Moleskine

Given my geographically bipolar existence, I have not one but two morning routines: one for my weekdays in New Hampshire, and the other for my weekends in Massachusetts. The one thing that both of my routines have in common, though, is the paired ritual of walking and writing.

Buddha with roses

During my weekdays in Keene, I go to bed around 11:00 and wake around 5:00: a hold-over from my early-rising Zen Center days. On a good day in Keene, I do bows and then meditate first thing upon awakening; on busy days, I might tend to last-minute teaching tasks instead. When I meditate in Keene, my mat and cushion face a drafty window, so I sit with a folded blanket on my lap, both my legs and my mudra warm under the cover of fleece. After sitting, I get dressed, having bathed the night before; after dressing, I take Reggie for a walk. Only after walking do I settle to the business of breakfast: plain Jane oatmeal followed by morning pages at my kitchen table.

I call them “morning pages” even though they don’t follow Julia Cameron’s insistence that one’s journal pages be written first thing in the morning. Although I typically write my morning pages early, on busy days I might not get around to writing them until evening, and I almost never write them first thing. How exactly does Julia Cameron expect me to write, I wonder, on mornings when I haven’t yet walked? And so with all due respect to Julia Cameron, I’ve settled into my own morning routine: first I Wake, then I Walk, then I Write. JC and her disciples are free to practice in their own way, and I’ve settled upon mine.

Madonna with blinds

During my long weekends in Massachusetts, my morning routine is significantly different, but both the walking and the writing remain the same. In Newton, J and I keep west coast hours by going to bed around midnight and waking up at 9:00. While J tends to the previous night’s dishes, I walk Reggie then return to my morning pages, written in bed with J’s yellow lab lounging beside me while Reggie snoozes on the floor. Only after I’ve filled anywhere between two and four Moleskine pages with random scribble do I turn on my laptop to check email, online classes, and blogs. During my long, homebody weekends in Massachusetts, I shower right before lunch, and after lunch I sit with the dogs, my Zen Center fastidiousness about the proper time and place for meditation replaced with the mundane practicality of life in the outside world.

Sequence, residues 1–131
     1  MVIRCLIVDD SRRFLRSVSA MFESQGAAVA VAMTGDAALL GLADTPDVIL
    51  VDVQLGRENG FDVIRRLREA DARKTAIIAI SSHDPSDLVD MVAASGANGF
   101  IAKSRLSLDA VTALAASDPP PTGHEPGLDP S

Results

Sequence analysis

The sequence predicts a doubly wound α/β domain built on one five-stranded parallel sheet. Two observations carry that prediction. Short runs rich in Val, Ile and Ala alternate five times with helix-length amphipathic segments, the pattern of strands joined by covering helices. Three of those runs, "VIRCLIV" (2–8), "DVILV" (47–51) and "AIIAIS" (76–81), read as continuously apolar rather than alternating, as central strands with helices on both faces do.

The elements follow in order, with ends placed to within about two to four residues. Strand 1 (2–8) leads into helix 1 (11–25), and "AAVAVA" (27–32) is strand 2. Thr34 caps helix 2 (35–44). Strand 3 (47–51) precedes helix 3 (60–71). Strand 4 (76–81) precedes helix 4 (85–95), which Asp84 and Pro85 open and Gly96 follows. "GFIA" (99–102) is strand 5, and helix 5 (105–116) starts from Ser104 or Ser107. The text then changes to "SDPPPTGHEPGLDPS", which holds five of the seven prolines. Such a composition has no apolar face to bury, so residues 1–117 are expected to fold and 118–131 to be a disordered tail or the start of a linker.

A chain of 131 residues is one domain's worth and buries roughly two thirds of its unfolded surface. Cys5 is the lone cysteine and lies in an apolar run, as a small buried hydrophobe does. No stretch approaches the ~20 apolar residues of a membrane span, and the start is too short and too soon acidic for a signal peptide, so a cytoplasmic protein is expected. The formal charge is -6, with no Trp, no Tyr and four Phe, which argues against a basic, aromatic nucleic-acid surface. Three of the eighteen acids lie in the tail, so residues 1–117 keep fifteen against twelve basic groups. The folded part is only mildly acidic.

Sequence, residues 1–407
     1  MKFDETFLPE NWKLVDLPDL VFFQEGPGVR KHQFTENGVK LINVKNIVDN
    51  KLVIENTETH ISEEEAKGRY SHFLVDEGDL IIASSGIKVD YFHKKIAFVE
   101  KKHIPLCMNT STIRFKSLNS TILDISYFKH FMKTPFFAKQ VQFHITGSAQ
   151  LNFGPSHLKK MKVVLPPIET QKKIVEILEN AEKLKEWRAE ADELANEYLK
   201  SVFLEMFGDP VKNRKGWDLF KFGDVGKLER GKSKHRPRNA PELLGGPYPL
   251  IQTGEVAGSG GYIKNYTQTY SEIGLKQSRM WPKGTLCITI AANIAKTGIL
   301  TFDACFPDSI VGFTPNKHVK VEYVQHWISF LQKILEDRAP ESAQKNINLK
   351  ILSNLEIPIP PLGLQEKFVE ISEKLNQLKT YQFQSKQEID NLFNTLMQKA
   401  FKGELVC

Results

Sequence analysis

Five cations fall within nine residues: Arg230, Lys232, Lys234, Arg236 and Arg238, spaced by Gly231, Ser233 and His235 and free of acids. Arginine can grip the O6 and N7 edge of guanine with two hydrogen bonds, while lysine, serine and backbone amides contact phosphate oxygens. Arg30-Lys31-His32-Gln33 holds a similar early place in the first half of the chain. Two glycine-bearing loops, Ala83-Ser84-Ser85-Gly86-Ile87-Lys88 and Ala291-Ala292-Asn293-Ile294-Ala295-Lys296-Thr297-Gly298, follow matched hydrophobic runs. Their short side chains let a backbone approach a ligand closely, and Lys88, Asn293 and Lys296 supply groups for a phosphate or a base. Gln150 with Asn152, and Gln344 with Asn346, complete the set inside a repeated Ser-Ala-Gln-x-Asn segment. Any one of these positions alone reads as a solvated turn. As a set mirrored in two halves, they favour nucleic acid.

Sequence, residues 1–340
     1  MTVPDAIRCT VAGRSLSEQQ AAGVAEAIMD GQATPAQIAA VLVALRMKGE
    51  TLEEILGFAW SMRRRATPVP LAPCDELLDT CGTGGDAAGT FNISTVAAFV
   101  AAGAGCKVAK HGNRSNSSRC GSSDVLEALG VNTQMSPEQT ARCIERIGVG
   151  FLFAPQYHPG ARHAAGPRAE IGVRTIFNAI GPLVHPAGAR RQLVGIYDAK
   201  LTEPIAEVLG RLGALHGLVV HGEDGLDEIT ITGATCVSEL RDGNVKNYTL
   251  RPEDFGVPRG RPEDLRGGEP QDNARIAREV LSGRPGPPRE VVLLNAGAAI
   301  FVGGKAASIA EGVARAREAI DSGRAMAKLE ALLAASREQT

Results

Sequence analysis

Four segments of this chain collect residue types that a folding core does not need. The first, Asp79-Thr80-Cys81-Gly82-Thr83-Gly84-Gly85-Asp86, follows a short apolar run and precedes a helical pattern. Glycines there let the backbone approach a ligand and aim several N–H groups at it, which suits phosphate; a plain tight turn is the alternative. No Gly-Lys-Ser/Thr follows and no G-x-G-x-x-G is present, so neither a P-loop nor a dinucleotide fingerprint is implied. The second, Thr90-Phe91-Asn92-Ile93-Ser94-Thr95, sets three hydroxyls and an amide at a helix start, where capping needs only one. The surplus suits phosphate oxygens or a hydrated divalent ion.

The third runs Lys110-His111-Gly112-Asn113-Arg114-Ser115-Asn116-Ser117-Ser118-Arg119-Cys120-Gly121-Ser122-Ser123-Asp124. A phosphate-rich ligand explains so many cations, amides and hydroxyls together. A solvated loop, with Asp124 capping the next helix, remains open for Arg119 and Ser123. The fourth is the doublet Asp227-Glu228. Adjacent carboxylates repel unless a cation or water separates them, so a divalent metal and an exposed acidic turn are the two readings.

What I find noteworthy here isn’t the fact that my morning routine in Keene differs so dramatically from my morning routine in Newton; instead, what interests me is the fact I’ve established an almost religious ritual in each place. Through trial and error, I’ve come to realize I live and die by my morning routine, and it doesn’t much matter if I’m following my Keene routine or my Newton one: either one works in its appropriate time and place. After years of grappling with my own morning woulds, I’ve boiled things down to the bare essentials: meditation whenever I can get it, and walking and writing before much anything else. Having begun the day with the things I need, I can move onto the things I’d like.

This is my several-days-late contribution to last week’s Photo Friday theme, Morning Routine. The roses in the second photo are my after-Valentine’s Day windfall: a bit of Buddha bounty.